Status of Same-Sex Marriage in Europe and Worldwide—Romanians Fighting to Preserve Marriage

By Sharon Slater  |  October 11, 2018

About 90 percent of Romanian voters who voted this past weekend supported a referendum to protect traditional marriage in Romania’s constitution. Unfortunately, however, the voter turnout (21 percent) fell short of the required 30 percent of Romania’s voters, so the referendum failed.


Yet Romanian defenders of marriage are not daunted, and say they will try again.

A petition requesting a constitutional amendment to protect man/woman marriage had been signed by a full three million Romanians (3.5 million Romanians turned out to vote), evidence that there is a strong will in Romania to protect marriage.


Neither same-sex marriages nor civil unions for same-sex couples are recognized by Romanian law, but a European Court of Justice recently issued a ruling granting Romanian residency rights to same-sex spouses of couples married in other EU countries.

Europe Marriage Stats


Since more attention is typically provided to nations that have redefined marriage to include same-sex couples, some may be surprised to learn that a majority of European nations still define marriage as the union of a husband and wife. In fact, support for man/woman marriage in Europe remains strong.


There are now fourteen European nations with constitutional provisions preserving the male-female definition of marriage (Bulgaria, Lithuania, Belarus, Moldova, Ukraine, Poland, Latvia, Serbia, Montenegro, Hungary, Croatia, Slovakia, Armenia, Georgia). Eight countries have adopted these constitutional provisions since 2005.


Ten additional EU nations specifically preserve the male/female definition of marriage in their statutes (Albania, Azerbaijan, Bosnia and Herzegovina, Kazakhstan, Macedonia, Monaco, Romania, Russia, Turkey, Estonia).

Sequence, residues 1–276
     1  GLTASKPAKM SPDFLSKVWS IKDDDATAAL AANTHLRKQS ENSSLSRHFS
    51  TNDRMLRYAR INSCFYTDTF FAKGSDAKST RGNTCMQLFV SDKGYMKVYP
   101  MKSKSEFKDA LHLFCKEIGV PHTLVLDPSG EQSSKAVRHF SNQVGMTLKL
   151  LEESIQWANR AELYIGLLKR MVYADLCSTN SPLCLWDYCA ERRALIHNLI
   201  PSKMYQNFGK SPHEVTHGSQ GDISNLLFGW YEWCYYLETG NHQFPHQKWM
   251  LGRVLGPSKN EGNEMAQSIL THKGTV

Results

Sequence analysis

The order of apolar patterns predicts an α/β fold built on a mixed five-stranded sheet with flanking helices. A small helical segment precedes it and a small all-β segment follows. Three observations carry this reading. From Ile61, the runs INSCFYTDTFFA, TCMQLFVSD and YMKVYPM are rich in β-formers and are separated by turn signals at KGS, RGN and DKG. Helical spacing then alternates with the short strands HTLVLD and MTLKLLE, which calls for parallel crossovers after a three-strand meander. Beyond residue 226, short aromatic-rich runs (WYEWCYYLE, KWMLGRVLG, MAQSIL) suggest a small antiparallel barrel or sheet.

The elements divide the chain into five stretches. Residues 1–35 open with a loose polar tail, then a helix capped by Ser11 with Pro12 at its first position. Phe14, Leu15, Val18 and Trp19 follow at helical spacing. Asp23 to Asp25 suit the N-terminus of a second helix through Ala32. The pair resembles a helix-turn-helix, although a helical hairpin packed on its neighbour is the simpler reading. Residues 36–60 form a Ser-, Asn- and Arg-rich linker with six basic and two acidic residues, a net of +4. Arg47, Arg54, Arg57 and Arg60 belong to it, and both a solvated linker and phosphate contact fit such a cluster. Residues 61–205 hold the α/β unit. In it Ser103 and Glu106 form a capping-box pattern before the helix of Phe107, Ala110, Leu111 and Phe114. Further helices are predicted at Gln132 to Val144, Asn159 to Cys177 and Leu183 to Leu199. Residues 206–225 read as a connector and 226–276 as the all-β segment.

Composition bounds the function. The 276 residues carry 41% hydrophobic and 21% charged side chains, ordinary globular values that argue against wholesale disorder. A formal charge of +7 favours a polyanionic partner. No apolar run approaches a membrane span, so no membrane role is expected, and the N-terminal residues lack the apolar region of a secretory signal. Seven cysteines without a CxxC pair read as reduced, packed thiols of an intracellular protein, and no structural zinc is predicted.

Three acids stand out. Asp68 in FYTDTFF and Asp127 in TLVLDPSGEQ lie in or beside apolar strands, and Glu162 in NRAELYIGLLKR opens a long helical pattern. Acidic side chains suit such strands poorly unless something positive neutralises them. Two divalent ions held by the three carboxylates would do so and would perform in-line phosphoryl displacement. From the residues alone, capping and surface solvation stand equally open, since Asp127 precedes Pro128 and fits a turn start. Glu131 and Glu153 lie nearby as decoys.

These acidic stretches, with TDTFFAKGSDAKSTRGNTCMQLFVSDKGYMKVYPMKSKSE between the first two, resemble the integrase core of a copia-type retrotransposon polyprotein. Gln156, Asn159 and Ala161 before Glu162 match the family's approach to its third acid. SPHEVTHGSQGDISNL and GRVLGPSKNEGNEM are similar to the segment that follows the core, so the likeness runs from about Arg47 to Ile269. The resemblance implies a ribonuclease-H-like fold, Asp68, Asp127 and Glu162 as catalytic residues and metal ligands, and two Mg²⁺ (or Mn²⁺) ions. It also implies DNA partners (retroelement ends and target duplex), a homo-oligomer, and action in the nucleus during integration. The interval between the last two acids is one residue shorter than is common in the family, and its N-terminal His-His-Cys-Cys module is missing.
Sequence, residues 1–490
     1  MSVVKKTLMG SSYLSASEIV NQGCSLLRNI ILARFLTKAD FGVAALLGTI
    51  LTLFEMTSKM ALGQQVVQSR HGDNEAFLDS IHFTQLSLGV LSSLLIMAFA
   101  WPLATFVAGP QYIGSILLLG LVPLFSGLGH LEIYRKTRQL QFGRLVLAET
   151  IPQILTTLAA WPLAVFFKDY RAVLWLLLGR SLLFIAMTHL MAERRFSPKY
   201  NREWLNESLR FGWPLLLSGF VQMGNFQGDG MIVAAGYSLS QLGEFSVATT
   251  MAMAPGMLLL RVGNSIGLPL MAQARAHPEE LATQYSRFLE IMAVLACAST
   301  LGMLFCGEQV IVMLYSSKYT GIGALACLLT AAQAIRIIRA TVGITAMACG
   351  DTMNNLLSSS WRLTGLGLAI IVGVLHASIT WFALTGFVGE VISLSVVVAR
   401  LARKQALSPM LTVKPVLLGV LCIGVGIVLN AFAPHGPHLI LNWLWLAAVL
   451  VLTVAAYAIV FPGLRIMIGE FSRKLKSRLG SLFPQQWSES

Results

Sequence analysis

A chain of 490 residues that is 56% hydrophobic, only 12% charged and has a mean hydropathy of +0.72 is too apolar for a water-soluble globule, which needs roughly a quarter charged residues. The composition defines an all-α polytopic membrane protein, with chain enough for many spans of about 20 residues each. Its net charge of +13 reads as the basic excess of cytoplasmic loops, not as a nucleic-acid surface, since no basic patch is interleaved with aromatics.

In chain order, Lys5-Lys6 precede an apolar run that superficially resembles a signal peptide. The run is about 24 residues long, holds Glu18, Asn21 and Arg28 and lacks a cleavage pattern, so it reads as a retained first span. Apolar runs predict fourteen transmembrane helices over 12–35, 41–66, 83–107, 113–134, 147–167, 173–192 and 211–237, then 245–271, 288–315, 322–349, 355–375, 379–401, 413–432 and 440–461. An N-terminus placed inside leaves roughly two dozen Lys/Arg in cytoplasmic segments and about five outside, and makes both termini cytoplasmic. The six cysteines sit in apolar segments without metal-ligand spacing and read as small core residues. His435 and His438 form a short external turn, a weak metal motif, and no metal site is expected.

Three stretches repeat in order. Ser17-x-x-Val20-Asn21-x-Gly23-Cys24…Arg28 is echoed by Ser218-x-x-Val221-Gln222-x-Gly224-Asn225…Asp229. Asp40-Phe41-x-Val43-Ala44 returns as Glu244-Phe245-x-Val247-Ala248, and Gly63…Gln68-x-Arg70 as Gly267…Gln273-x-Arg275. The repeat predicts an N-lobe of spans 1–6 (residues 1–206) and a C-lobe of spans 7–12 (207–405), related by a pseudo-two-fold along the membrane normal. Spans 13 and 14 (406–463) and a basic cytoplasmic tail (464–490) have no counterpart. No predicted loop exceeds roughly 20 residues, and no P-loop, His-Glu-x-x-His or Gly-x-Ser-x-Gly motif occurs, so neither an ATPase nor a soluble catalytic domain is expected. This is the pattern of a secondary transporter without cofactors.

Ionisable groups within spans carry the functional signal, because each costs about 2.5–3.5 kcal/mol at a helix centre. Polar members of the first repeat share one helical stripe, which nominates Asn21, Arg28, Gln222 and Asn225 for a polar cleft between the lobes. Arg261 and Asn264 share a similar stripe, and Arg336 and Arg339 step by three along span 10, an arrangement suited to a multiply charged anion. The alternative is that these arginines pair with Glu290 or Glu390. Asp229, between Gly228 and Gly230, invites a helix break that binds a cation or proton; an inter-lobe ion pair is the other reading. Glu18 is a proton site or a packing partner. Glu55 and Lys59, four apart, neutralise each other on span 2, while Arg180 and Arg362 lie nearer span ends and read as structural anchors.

Among nations that provide legal recognition of same-sex couples such as civil unions, eight still retain the definition of marriage as requiring a husband and wife (Andorra, Czech Republic, Slovenia, Switzerland, Hungary, Greece, Cyprus, Italy).


In 2001 the Netherlands became the first nation in the world to redefine marriage in this way. Belgium followed two years later. Then twelve others, mostly western European nations, followed (Spain, Norway, Sweden, Portugal, Iceland, Denmark, France, United Kingdom, Ireland, Malta, Germany, Finland). In 2017 Austria’s constitutional court ruled the nation must redefine marriage beginning in January 2019.


This means that more than twice the number of European nations have enshrined the male-female definition of marriage in their fundamental law (31) as have redefined marriage (14).


In other words, the overwhelming number of nations in Europe, by a ratio of more than two to one, still understand marriage to require a man and woman.


So what about the rest of the world? Across the globe there only 26 countries out of a total of 192+ countries that allow same-sex marriages.


This means approximately 87 percent of the countries of the world still define marriage as a union between a man and a woman only!


World Congress of Families XII


Having recently returned from Moldova where I presented at the World Congress of Families XII, I was impressed by the enthusiasm I found for a strong defense of marriage and family from our host, the president of Moldova himself, Igor Dodon.


In fact, I had a chance to present President Dodon with a copy of my book, “Stand for the Family: A Call to Responsible Citizen’s Everywhere,” which has an entire chapter on defending marriage that I hope he will find useful.


Political, religious and community leaders from over 40 countries participated in WCF XII, coming together to reaffirm the vital importance of marriage and family to every society and to work together to preserve these vital institutions in our respective nations.


We all came away with a renewed sense of hope and optimism as the East and West came together in this important cause.


It was also announced that WCF XIII will be held in Verona, Italy March 29-31, 2019.


We hope you will mark your calendars now and prepare to join us at the World Congress of Families in Verona!